Largely inspired by the U.S. Antitrust law, the European Commission's rules on competition play a central role in the laws of the European Union. Grouped under Title VI of the European Council's Treaty, these rules concern the "common rules on competition, taxation and approximation of legislation.' The key policy areas of the EU's competition policy involve the agreements made between companies and the abuse of the dominant position, control of concentrations in certain fields, liberalization and State aid.
The objective of this policy on competition is linked to the establishment of an economic democracy that explains that dominant firms are subject to a binding regime. The dominant companies, in fact, have the responsibility to ensure that they " do(es) not overshadow the merits of the competitors to the detriment of consumer welfare and the incentive to continuous innovation. " Unlike Article 81 of the EC and the French law on the abuse of a company's dominant position, Article 82 (of the EC) does not provide the possibility of an exemption.
The abuse of the dominant position also differs from the agreement in that it consists of the rules on the unilateral conduct of a company or a group of companies who form an economic unit. The agreement is, however, a collective behavior of two or more economically independent companies. The prohibition of the abuse of the dominant position is not identical to the control of concentrations between undertakings under the Council Regulation No.139/2004/EC of 20th January, 2004.
Tags: European rules of competition, Treaty of Rome, European Union law
[...] European rules on competition Largely inspired by the U.S. Antitrust law, the European Commission's rules on competition play a central role in the laws of the European Union. Grouped under Title VI of the European Council's Treaty, these rules concern the "common rules on competition, taxation and approximation of legislation.' The key policy areas of the EU's competition policy involve the agreements made between companies and the abuse of the dominant position, control of concentrations in certain fields, liberalization and State aid. [...]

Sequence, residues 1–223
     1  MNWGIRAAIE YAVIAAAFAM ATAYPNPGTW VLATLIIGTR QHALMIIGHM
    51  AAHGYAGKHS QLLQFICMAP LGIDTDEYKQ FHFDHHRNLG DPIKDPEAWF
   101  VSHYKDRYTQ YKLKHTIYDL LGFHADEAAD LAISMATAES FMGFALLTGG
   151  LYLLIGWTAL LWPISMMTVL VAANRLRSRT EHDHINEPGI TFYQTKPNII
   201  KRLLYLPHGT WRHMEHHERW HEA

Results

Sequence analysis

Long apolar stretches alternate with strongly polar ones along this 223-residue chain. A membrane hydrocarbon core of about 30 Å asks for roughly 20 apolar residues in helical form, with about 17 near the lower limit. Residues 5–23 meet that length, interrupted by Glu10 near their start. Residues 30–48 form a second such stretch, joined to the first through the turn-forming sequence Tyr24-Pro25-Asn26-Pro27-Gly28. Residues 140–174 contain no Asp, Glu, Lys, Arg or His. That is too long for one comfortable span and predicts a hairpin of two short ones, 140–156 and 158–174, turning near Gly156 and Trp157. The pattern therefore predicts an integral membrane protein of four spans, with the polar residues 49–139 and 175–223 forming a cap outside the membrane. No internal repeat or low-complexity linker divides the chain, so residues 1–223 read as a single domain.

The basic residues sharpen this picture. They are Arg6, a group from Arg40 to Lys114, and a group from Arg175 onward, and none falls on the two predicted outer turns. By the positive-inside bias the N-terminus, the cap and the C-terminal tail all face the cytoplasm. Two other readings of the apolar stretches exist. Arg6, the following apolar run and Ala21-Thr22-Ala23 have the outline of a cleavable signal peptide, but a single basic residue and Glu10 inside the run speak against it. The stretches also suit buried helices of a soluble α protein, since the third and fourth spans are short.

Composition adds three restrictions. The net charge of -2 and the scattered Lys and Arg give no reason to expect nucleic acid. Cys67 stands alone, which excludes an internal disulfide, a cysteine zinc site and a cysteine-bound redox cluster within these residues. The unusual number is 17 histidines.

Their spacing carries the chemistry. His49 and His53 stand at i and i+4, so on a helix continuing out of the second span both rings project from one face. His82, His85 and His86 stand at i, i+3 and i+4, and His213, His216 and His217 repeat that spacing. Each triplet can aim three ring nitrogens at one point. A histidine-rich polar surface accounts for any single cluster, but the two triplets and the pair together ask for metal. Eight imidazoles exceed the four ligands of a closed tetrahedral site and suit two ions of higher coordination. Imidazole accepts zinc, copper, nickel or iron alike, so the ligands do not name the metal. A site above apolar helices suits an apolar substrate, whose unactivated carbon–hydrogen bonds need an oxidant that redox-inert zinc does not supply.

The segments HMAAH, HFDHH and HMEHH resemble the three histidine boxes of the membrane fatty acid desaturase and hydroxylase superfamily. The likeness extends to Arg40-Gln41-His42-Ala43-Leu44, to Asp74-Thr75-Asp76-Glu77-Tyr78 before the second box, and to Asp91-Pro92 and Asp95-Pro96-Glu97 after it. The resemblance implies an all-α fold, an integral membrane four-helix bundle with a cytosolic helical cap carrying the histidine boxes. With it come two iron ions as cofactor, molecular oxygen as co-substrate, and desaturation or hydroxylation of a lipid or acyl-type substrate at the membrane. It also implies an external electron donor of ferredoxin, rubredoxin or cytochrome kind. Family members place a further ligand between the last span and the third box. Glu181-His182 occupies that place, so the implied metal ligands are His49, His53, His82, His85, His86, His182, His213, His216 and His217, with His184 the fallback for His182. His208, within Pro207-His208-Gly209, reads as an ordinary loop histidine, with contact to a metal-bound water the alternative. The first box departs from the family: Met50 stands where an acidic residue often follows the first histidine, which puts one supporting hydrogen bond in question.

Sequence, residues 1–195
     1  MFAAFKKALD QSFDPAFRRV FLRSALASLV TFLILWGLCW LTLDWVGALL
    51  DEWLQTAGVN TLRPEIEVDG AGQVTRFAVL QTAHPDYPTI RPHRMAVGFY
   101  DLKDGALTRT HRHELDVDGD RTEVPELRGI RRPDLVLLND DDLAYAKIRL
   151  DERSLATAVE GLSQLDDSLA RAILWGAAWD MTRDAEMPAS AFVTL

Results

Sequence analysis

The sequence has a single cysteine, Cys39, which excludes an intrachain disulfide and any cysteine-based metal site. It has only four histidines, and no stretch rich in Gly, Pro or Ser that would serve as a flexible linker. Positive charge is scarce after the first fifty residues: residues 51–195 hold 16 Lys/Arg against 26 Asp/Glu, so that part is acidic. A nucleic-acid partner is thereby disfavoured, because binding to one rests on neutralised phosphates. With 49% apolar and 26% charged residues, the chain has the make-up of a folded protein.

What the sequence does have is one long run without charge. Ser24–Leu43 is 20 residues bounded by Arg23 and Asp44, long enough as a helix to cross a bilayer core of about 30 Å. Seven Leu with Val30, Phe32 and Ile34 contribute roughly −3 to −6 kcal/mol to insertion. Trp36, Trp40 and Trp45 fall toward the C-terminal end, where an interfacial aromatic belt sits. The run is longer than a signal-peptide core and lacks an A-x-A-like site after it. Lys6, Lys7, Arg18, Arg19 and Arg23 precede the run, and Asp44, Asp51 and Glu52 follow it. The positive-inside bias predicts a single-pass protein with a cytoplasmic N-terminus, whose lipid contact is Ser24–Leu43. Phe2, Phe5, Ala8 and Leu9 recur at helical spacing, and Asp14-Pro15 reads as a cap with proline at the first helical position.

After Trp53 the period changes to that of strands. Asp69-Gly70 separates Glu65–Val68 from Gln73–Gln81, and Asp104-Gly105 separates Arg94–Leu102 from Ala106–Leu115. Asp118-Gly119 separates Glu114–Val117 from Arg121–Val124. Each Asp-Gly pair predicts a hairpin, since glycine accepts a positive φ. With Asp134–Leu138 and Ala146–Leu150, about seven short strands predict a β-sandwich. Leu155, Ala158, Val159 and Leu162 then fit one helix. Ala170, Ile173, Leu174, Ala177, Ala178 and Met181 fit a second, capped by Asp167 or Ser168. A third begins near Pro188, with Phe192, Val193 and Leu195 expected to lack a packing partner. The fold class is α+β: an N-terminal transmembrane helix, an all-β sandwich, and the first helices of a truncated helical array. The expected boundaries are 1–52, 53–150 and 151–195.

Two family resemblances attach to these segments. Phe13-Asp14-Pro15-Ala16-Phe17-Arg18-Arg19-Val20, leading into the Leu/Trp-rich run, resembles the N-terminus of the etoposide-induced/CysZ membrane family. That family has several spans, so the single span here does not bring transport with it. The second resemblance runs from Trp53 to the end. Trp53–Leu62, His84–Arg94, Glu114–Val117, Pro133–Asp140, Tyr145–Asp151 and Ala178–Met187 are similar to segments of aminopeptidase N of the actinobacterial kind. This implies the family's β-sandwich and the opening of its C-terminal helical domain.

[...] In 1958, this treaty provided (in paragraph that a company that abuses the power that comes with a dominant position was "incompatible with the common market and would affect trade between member states and so, it prohibited one or more undertakings of the abuse of a dominant position in the common market or a substantial part of it " . The applicability of the prohibition under Community law, requires that the abuse of the dominant position correspond to the conditions in the agreement i.e. that it may (might) affect trade between member states. This condition is estimated by the same terms for both forms of barriers to competition. The problem that arises from this is judging when the company abuses its power if the dominant position itself is not prohibited. [...]
[...] As defined by the European Commission in its Communication on 9 December 1997, the relevant geographic market comprises the area where the undertakings concerned are involved in the supply of goods and services. The conditions of the competition must be sufficiently homogeneous and should be distinguished from neighboring areas because the conditions of competition are appreciably different. The Commission has recognized that a dominant position that is held in one market could be abused in a different market than the one it dominates. This, however, would be an exceptional circumstance. [...]
[...] The ECJ added that " Such a position does not exclude the existence of some competition ( . ) but enables the undertaking which it will profit by, if not to determine, at least an appreciable influence on the conditions under which competition will develop ( . (ECJ February 1979, Case 85/76, Hoffmann-La Roche) It is true that conventional indices of dominance are, primarily, the market share. In this respect, it was considered that an entity that held more than 50% of the market share was likely to enjoy this freedom of action (CFI, September Atlantic Container Line and Others c / Commission). [...]
[...] This constitutes an unlawful impediment to competition. However, Article 82 of the EC Treaty does not define this reprehensible exploitation but provides a few examples such as the imposition of the purchase price or sale or other conditions that are unfair trading practices, limiting production to the detriment of consumers or applying dissimilar conditions to trading partners. The list of abuses of Article 82 EC Treaty is not in fact limited to these examples (ECJ November 1996, Tetra Pak International). [...]
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